2) I agree w/Marjorie that RoboHelp isn't covering 508 or W3C compliance well at all! I ALSO want a SPECIFIC LIST of what is affected when you generate Section 508 Compliant Output AND W3C Compliant Topics. (see original post)
3) I've already been through the Gov site and others. What I want to know is, how does RoboHelp handle compliance? Their online Help is woefully incomplete.
4) If any experts at Adobe have examples they can provide, that would be really beneficial.
In the time-is-of-the-essence job I have, "just try it both ways and see" doesn't work for me. Will something be changed irreversibly or in such a way that it will take serious man-years to repair? I'd like to know up front what could/would be affected before I start flipping switches in my projects.
Thanx for your time!
Sorry if that came off as being flippant with the "Try it both ways and see". It certainly wasn't intended that way. You have to keep in mind here that we aren't actual Adobe employees. We are users same as you. With our own jobs that keep us all too busy. We just enjoy the opportunity to help others as we are able and have time.
Keep in mind that the 508 option is something you choose just before you create your output files. This means that your source files aren't changed in the slightest manner. Instead, as RoboHelp is creating the output (by carefully reading each file into memory, making changes, then copying the modified source file to a different folder to create the output) it is modifying the files so that they should work for a section 508 target.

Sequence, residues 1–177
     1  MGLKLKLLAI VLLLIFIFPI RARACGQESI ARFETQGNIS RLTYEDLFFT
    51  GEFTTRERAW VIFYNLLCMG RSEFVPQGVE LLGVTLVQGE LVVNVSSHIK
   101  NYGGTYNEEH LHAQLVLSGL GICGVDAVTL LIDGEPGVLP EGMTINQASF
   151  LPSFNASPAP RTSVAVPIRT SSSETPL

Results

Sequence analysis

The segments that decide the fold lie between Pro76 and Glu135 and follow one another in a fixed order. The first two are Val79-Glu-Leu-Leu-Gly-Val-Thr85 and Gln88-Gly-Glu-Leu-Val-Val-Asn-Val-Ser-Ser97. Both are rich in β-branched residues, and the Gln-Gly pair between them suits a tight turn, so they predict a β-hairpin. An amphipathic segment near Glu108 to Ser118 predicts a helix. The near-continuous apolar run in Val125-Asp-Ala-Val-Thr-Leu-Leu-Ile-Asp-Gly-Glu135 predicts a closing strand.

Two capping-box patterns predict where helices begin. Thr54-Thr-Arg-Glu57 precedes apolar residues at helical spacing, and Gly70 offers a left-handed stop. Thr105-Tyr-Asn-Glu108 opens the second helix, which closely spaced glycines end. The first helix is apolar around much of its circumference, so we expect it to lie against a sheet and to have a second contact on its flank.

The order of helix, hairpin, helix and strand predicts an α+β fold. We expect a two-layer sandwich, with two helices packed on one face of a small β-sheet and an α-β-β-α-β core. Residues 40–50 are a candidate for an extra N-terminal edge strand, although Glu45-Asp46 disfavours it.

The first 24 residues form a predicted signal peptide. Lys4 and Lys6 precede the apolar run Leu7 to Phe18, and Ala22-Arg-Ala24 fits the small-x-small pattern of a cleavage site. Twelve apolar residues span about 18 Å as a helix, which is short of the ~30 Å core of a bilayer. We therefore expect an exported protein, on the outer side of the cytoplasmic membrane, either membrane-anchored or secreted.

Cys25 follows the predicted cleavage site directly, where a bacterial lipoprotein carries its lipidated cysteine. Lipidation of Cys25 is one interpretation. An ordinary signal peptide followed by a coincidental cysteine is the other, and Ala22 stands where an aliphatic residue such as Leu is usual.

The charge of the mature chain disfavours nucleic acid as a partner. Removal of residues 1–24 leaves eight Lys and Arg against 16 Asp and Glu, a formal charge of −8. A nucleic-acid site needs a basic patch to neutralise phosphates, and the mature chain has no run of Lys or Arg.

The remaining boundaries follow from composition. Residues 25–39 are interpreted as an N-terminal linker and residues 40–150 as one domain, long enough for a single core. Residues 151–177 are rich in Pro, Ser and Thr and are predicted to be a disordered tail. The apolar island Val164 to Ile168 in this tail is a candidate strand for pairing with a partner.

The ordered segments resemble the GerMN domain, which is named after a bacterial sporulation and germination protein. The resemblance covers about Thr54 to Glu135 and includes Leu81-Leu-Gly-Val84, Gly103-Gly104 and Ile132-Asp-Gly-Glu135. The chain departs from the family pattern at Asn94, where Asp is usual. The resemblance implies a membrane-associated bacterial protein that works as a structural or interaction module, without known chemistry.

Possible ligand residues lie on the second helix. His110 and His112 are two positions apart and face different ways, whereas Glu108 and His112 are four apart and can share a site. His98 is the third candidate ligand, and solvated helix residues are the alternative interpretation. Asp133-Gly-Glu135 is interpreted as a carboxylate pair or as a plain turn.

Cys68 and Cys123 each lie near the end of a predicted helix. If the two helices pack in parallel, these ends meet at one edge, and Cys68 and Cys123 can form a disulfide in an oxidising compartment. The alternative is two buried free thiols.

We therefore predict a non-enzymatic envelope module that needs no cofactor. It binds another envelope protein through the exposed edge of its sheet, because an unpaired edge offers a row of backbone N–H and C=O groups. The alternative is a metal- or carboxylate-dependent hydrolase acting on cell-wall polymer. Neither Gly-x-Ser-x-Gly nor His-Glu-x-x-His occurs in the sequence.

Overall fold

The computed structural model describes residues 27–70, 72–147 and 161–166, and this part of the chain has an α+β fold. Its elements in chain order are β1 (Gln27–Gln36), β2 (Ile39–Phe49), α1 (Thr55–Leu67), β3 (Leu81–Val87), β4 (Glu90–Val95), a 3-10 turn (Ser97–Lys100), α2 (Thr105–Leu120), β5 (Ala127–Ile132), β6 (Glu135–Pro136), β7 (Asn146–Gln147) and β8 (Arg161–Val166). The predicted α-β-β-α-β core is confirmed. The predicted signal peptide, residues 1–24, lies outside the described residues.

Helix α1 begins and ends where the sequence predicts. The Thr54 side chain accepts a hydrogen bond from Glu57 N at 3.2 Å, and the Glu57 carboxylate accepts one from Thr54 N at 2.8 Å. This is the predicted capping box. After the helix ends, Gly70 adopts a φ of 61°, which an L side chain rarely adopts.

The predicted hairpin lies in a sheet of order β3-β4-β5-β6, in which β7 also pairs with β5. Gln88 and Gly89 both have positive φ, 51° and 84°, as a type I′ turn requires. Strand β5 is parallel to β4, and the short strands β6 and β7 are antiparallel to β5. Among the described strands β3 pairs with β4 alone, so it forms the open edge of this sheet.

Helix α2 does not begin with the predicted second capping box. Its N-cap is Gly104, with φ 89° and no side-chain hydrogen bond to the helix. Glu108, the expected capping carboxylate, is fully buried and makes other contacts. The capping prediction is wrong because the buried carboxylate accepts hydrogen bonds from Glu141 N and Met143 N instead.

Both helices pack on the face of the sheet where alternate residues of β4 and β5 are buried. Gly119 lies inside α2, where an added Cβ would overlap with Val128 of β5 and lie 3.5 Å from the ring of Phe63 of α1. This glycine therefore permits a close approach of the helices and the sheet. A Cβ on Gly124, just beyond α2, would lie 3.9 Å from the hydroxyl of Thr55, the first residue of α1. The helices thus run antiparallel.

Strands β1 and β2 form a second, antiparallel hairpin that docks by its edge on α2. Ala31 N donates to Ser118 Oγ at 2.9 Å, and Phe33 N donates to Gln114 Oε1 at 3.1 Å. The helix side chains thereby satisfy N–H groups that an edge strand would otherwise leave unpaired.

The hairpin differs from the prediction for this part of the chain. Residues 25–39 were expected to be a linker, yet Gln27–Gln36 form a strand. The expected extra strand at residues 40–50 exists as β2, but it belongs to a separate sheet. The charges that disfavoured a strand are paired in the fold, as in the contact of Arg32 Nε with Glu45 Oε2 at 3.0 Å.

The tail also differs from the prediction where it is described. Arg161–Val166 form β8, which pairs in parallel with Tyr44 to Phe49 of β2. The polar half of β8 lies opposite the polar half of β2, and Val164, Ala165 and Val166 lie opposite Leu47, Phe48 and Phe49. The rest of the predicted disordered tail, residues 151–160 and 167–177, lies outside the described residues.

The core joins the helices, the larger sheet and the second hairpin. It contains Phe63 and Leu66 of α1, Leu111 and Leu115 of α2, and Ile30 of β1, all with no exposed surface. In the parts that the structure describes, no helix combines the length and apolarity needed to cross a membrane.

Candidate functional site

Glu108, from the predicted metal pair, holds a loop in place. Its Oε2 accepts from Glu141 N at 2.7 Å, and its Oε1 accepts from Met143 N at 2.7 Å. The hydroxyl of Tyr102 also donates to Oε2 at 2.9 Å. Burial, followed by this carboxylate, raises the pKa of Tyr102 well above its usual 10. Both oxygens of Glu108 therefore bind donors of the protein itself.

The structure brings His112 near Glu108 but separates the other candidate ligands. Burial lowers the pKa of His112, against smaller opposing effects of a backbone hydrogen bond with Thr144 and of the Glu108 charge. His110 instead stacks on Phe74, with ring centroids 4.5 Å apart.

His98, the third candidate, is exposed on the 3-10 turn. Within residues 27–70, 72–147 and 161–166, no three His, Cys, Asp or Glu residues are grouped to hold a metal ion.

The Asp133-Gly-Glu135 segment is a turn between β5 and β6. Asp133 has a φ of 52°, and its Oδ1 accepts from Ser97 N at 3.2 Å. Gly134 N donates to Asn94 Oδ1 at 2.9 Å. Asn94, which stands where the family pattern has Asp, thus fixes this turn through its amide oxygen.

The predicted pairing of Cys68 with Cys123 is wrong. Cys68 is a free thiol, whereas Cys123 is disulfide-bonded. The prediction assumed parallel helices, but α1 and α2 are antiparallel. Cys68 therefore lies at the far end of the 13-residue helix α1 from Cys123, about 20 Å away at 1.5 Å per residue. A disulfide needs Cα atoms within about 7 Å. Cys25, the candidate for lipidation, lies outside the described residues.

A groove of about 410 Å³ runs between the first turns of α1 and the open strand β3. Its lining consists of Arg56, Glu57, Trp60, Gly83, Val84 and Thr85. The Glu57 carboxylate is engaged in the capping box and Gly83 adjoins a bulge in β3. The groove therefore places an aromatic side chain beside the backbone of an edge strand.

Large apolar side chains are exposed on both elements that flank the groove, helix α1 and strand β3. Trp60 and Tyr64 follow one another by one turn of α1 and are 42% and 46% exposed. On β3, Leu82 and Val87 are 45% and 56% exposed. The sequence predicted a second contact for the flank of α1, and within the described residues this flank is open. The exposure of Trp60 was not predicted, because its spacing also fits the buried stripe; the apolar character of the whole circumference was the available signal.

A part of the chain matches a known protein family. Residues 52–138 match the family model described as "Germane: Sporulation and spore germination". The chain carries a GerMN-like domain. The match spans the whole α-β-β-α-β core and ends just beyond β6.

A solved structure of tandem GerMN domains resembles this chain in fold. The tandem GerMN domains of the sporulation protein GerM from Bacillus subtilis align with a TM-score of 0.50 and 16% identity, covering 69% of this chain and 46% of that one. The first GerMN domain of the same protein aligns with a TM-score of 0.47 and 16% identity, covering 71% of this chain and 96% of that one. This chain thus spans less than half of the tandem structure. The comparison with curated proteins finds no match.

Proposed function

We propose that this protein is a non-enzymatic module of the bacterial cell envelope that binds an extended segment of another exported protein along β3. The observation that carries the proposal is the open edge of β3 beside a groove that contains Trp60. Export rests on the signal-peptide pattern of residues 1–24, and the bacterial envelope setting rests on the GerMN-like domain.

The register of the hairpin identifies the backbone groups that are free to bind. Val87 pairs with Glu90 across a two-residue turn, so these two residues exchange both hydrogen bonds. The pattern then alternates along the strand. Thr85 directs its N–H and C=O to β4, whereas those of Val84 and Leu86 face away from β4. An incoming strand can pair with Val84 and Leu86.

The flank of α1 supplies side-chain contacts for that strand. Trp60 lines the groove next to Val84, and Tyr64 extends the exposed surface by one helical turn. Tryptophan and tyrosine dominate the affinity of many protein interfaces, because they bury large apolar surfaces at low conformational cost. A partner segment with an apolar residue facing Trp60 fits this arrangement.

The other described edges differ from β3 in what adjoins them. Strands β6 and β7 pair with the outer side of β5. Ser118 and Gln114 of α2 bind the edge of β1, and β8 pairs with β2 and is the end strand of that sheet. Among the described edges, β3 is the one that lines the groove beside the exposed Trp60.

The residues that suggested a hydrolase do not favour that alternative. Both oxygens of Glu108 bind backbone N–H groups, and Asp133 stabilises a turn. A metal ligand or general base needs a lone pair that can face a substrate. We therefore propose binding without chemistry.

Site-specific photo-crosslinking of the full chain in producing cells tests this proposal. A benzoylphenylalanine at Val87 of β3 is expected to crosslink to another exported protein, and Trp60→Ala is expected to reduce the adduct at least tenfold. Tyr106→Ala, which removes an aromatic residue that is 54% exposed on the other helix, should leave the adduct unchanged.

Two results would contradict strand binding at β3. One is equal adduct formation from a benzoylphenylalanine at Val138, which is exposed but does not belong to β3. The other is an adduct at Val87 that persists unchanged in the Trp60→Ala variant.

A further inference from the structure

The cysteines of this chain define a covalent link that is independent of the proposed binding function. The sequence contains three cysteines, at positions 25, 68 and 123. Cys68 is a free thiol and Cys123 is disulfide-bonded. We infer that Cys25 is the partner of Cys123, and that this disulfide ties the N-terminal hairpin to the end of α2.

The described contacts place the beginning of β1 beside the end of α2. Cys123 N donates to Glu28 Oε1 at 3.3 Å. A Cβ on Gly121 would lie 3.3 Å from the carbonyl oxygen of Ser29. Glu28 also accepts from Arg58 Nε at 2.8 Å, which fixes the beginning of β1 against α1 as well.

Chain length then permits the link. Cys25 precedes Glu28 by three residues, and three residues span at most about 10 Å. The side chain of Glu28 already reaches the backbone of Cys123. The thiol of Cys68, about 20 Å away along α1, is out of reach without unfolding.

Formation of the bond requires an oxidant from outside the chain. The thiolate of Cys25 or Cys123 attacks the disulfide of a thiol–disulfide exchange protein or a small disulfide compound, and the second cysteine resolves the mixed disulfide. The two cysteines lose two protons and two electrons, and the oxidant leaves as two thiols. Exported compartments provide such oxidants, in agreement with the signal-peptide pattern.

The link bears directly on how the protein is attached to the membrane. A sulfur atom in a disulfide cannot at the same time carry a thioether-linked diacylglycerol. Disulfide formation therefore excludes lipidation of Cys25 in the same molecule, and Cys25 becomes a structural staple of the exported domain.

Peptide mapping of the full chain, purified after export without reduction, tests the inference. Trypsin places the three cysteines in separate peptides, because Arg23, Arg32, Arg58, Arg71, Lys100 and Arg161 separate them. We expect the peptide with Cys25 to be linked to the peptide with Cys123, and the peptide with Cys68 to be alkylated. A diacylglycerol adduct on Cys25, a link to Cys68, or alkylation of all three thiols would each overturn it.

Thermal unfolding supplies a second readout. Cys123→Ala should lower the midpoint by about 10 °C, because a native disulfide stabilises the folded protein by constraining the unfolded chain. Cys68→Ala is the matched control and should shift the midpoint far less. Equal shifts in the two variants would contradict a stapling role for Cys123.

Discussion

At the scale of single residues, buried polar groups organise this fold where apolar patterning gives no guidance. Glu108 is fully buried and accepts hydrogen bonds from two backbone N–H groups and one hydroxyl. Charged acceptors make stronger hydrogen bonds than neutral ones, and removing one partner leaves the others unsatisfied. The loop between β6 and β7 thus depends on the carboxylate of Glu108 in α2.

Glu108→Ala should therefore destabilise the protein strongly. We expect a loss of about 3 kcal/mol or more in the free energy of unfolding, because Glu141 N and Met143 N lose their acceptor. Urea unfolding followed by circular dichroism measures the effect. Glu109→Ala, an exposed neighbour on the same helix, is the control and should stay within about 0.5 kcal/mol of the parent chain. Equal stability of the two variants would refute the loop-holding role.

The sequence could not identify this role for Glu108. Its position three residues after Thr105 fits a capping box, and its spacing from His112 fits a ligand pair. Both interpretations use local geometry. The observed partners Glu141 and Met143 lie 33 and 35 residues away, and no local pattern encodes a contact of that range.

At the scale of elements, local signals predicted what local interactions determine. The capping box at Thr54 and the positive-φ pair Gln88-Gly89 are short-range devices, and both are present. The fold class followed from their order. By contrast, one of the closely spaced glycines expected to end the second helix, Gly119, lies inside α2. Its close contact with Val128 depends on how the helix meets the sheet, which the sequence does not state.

So the answer to your apparent anxiety with testing this is that you should have no fear. All you are doing is changing the way RoboHelp creates the output. Nothing is irreversibly changed.
Hopefully this helps... Rick
You say "In the time-is-of-the-essence job I have, "just try it both ways and see" doesn't work for me." Unfortunately those of us who support the forum are also in "time is of the essence jobs". Is there one that isn't? As a result, we simply do not have the time to look at this area. We already spend more time than is good for us supporting the forum and maintaining web sites to help. Like Rick, I just do not have the time to research this area, particularly as I would be starting from scratch as this is not an area relevant to my work.
In point two, are you saying the output is not 508 compliant? If you are, then clearly you have researched that much and if you post how, I will be happy to relay that to Adobe. That said, it is best that you also submit a bug report as they DO all get read.
I agree the online help could do with some more detail and I will bring that to Adobe's attention. Again though, you should submit a bug report on that too.
I will see if I can obtain any more information on this area from Adobe but I make no promises.
As to irreversibly changing your project, that I can confirm is a No. When you generate an output of any sort, no changes are made to your source files. What happens is that the wizard notes your settings and generates the required output. So if you select 508 Compliant it will give you one output, if you don't, then you will get a different output. Your source files do not change at all.
If anyone wants to write a topic on this area, I will be more than happy to publish it on my site, subject to my right to edit it!
Thanx, Rick and Peter, for letting me know that nothing would be affected in my projects for turning on 508 or W3C compliance when I generate. I don’t like knowing, though, I have to search through pages to see what changed, if anything. I see a lot of “comparison” in my future. :-( And my 1-4 still stand.